Court Declined To Reinstate Student Expelled For Bullying Incident

CATEGORY: Private Education Matters
CLIENT TYPE: Private Education
DATE: May 25, 2023

A high school student at the Hill School, a residential boarding school in Pennsylvania, was required to withdraw as a result of his participation in an encounter with a fellow student that the School deemed to be an incident of bullying. The incident involved the student dousing a sleeping classmate with water mixed with protein powder in the middle of the night, while two accomplices videotaped the incident and two other students watched from the doorway.

Before that incident occurred, the Plaintiff had been identified as a student who had problems with substance abuse, and as a result, was enrolled in a health and wellness program at the School. The student claimed that he was wrongly expelled because his expulsion was influenced, in part, by conduct related to his substance abuse and therefore a breach of contract. The student also claimed that his expulsion violated the Americans with Disabilities Act. He sought injunctive relief, asking the Court to reinstate him at the School.

The Court found that the student did not meet the standard for reinstatement. In analyzing a claim for injunctive relief, the moving party must first show a probability of success on their claims.

For the breach of contract claim, the Court considered the terms of the Enrollment Contract, which referenced the rules and regulations in the Hill School Handbook, which governs student conduct. The Handbook has a description of the Immediate Care (I-Care) program, which provides an option for students to avoid discipline connected to substance abuse by participating in a process of therapeutic nature designed to divert them from continued “self-destructive behavior.” The I-Care program requires a student to enter into a contract with certain commitments, and as part of the consideration for student participation, the School agrees to forego discipline for actions related to the student’s substance abuse so long as the student complies with program requirements.

Here, the student argued that before the bullying incident, he received a retroactive suspension and was placed on a conduct warning, which provided notice that any additional violations would constitute grounds for immediate dismissal. This sanction was imposed because the student attempted to assist another student in avoiding a positive drug test result. The student argued that he was later expelled due to the bullying incident because of this prior discipline, which should not have been imposed under the I-Care program.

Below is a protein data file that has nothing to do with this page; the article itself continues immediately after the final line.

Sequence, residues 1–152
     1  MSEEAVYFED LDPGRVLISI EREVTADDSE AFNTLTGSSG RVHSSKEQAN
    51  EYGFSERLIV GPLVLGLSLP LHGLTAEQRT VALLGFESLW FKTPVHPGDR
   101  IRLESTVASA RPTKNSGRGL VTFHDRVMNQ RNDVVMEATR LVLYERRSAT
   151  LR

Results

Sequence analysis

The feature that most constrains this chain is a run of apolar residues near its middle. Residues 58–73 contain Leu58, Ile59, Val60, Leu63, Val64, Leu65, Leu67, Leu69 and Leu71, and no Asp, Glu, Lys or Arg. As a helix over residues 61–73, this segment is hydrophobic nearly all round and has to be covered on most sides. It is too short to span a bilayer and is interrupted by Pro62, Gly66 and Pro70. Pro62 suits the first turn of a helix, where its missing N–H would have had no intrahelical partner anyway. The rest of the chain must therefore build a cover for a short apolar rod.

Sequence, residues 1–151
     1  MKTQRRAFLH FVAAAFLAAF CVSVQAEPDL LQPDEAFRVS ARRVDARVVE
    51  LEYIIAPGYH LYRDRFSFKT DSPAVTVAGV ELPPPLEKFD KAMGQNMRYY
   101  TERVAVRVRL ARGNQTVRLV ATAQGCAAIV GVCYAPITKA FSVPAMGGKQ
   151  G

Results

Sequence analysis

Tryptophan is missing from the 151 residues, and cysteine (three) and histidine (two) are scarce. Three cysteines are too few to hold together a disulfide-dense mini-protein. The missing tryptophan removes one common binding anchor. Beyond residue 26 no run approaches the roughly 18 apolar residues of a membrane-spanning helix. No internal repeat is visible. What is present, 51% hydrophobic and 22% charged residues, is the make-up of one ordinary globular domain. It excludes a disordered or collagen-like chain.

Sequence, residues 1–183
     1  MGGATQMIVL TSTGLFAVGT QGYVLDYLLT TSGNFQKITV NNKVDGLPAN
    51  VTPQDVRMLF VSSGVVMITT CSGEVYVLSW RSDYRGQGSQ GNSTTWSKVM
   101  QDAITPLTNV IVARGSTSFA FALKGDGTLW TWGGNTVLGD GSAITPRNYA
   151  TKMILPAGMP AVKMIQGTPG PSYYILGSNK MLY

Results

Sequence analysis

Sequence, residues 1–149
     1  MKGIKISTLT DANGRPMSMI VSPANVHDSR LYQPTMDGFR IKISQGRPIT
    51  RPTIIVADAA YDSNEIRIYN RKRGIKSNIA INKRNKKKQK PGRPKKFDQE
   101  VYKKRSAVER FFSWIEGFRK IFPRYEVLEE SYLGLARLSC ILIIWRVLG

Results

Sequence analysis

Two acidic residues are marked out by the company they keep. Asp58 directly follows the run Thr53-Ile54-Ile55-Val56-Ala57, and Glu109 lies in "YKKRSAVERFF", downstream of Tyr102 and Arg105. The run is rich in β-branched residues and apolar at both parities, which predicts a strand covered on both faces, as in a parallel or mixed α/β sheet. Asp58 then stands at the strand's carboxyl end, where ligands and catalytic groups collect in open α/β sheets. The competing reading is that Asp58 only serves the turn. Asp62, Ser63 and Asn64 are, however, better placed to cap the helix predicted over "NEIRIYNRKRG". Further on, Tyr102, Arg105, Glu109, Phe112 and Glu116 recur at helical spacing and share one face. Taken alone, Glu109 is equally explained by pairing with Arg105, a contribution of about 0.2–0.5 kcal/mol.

The Court found that the Handbook and Enrollment Agreement both contained language that the headmaster or his/her designee had the discretion to require a student to withdraw, without the need to call for a Disciplinary Committee meeting, if the student violated a major School rule, had an accumulation of minor School rules, was suspected or confirmed to be involved in criminal activity, and/or was dangerous, negative, or a detrimental influence on the school and/or its community.

The Court noted that the Handbook and Enrollment terms were clear in that the immunity of the I-Care program was only related to the student’s own substance use. Further disciplinary decisions rest at the discretion of school officials.

The Court also considered the discipline imposed on the five students as a result of the bullying incident: the two students who watched in the doorway were suspended and the three involved in throwing the water and videotaping the incident were expelled. The three students who were expelled had a prior disciplinary record. The Court noted that the School does not have a formula for disciplinary decisions, and the School has the absolute discretion to expel the student even in the absence of a prior disciplinary record. The Headmaster attested that the determining factor for expelling three of the five students was their active role in participating in the incident.

The Court concluded that the School did not violate its promises related to I-Care. The decision to suspend the student stemmed from his attempt to assist another student in circumventing the School’s drug testing program. The student was aware that due to his participation in the drug testing circumvention, any further infraction could be grounds for dismissal.  As a result, the student could not show success on his breach of contract claim. Similarly, the Court found that the student was not dismissed in violation of the Americans with Disabilities Act because the expulsion was based on his participation in the bullying incident, not substance abuse or any related disabilities. As a result, the Court denied the student’s request to be reinstated at the School.

Doe v. Hill School (E.D. Pa., Apr. 10, 2023) 2023 WL 2868016.

Note: This case illustrates the importance of flexible disciplinary language in student handbooks and enrollment agreements. Here, the student’s argument that he was wrongfully expelled failed because the school administrators had the flexibility to determine disciplinary actions on a case-by-case basis at the sole discretion of the headmaster or the headmaster’s designee. 

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